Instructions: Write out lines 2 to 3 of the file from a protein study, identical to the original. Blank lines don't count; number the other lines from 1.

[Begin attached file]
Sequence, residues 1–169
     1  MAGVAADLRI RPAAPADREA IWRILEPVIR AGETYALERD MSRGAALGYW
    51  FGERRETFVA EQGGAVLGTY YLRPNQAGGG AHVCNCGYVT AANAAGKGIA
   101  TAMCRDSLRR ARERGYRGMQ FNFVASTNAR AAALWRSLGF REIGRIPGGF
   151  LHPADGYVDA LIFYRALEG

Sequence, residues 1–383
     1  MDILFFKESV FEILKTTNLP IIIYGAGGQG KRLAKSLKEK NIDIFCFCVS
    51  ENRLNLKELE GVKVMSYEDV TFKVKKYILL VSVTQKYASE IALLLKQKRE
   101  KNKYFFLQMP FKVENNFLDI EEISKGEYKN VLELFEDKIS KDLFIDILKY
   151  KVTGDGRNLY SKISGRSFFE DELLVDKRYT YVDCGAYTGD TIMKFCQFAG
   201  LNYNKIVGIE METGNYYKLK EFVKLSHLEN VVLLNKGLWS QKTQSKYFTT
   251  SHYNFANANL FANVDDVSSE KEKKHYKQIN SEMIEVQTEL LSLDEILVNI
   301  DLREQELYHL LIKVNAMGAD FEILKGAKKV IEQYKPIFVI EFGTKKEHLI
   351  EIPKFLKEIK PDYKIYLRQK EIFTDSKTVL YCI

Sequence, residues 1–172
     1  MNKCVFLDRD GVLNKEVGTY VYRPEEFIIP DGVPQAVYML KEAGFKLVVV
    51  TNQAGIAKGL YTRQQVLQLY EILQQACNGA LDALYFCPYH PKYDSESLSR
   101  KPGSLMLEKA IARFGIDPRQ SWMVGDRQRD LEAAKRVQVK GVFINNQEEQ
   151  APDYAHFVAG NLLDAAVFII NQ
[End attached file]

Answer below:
     1  MAGVAADLRI RPAAPADREA IWRILEPVIR AGETYALERD MSRGAALGYW
    51  FGERRETFVA EQGGAVLGTY YLRPNQAGGG AHVCNCGYVT AANAAGKGIA